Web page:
• This has been mainly happening with AirPlay 2 based HomePods and Apple TV 4 units.
  • AirPlay 2 enabled AirPort Express devices seem to work fine.
  • AirPlay 1 (or 2?) built into audio receivers also works fine.

The (suspected) Problem

Based on research done by Bumbeen in the Apple Community Forums, it looks like recent versions of iTunes are failing to send regular keep-alive messages to AirPlay clients on TCP port 7000. Bumbeen used Wireshark to record and analyze the communication between iTunes and his HomePod. When iTunes failed to send the keep-alive message, the music stopped. This happens with HomePods and Apple TV devices. AirPort Express and other non-Apple AirPlay clients seem to be unaffected.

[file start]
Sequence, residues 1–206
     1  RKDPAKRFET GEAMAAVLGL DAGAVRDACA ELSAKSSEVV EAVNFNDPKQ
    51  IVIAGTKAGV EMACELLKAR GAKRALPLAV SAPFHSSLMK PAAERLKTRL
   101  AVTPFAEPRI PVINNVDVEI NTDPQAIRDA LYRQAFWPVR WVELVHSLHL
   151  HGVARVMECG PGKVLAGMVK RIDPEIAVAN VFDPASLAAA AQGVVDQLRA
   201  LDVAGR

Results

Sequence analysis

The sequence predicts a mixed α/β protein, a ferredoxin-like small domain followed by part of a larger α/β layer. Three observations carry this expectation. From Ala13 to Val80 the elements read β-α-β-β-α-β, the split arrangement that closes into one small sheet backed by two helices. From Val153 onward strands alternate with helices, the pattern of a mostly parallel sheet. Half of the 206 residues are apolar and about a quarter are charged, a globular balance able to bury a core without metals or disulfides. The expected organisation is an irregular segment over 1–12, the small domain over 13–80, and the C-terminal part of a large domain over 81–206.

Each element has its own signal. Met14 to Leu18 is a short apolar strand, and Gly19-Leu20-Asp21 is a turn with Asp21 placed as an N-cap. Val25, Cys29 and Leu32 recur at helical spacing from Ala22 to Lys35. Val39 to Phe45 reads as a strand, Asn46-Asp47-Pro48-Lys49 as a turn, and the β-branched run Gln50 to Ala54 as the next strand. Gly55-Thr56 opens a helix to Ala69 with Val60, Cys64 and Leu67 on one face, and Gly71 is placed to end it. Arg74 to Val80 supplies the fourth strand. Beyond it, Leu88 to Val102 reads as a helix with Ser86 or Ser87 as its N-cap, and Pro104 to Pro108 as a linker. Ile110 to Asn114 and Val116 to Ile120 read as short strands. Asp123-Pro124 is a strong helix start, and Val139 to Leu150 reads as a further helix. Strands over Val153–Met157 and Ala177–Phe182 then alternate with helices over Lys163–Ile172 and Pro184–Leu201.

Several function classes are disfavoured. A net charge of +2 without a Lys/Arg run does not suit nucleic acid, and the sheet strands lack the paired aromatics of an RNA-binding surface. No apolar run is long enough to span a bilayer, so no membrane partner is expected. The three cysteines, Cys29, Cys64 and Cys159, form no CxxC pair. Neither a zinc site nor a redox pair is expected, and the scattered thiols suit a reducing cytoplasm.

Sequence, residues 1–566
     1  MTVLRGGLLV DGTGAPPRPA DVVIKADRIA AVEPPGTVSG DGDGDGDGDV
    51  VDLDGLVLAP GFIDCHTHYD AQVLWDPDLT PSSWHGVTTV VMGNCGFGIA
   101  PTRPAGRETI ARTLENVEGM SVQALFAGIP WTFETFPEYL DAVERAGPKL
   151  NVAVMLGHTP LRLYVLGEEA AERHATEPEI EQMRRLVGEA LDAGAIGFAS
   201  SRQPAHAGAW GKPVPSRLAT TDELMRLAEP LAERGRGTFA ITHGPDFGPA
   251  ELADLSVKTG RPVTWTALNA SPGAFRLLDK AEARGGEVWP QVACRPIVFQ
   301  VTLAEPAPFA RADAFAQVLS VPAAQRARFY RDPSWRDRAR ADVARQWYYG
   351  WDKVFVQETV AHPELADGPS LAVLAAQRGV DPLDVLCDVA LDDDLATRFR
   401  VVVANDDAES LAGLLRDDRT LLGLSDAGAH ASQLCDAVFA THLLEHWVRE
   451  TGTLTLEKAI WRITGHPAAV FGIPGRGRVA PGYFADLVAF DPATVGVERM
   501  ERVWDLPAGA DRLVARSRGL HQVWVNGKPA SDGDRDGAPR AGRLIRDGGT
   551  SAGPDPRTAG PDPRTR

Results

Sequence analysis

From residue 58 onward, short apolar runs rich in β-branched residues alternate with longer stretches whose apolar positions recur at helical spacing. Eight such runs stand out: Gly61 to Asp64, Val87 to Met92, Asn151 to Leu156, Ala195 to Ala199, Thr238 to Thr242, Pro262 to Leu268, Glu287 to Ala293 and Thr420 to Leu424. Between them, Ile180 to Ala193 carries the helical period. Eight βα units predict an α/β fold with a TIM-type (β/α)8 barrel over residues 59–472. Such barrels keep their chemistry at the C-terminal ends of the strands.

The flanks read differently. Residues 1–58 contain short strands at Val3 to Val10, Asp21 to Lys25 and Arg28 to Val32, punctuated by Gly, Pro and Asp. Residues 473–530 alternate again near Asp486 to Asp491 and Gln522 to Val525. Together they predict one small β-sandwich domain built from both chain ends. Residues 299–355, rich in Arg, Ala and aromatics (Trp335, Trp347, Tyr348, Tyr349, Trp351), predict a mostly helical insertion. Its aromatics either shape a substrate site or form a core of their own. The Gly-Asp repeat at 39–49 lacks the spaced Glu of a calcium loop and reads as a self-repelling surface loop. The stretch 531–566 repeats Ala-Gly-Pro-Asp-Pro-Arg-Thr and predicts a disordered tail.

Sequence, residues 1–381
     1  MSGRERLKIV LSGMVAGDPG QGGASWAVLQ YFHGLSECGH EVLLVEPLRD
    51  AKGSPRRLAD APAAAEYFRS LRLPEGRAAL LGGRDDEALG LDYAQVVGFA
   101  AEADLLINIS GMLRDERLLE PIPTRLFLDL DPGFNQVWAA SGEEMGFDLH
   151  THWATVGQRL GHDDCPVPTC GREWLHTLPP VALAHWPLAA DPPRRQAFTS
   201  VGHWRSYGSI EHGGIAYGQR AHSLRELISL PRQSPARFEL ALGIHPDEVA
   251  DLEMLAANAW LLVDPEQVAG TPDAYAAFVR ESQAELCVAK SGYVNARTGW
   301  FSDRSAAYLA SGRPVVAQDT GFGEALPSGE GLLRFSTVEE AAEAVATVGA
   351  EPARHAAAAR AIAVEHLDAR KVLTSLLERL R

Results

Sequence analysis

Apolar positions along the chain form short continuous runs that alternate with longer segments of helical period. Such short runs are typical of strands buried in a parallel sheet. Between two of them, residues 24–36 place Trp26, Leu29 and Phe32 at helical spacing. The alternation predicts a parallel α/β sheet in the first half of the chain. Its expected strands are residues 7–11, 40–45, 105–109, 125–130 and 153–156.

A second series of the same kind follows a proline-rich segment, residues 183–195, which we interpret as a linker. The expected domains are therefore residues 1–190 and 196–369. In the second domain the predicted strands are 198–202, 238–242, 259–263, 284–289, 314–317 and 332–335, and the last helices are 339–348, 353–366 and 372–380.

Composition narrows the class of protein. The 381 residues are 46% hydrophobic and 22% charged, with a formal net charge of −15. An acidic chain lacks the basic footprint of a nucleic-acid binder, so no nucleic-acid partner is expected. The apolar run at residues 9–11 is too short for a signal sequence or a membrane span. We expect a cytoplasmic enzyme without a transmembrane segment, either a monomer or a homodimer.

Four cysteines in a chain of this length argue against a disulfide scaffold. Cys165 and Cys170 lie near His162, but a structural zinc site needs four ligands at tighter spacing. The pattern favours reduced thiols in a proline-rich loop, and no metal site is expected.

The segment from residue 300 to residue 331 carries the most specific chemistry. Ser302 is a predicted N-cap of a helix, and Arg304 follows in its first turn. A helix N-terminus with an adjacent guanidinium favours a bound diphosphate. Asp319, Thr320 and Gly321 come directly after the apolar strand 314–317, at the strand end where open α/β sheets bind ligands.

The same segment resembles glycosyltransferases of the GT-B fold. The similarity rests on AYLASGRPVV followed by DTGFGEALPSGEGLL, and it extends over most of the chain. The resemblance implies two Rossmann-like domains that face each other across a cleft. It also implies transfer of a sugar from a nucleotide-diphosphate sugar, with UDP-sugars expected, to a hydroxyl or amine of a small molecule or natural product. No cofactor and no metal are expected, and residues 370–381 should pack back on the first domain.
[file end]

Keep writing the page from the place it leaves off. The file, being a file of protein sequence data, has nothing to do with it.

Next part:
The Workaround

In a follow up post, Bumbeen documented using the popular Windows macro program AutoHotkey to trigger a 1% volume change in iTunes. Doing this every 25 seconds or so was enough to keep the communication (and music!) between iTunes and the HomePod stable. The 1% volume change is hardly noticeable.

However AutoHotKey is not really a good engine for this sort of background task.

So I took this idea and wrote a small app. iTunes on Windows exposes itself as a programmable interface via a COM object. My app uses the COM interface and instructs iTunes to periodically change the volume.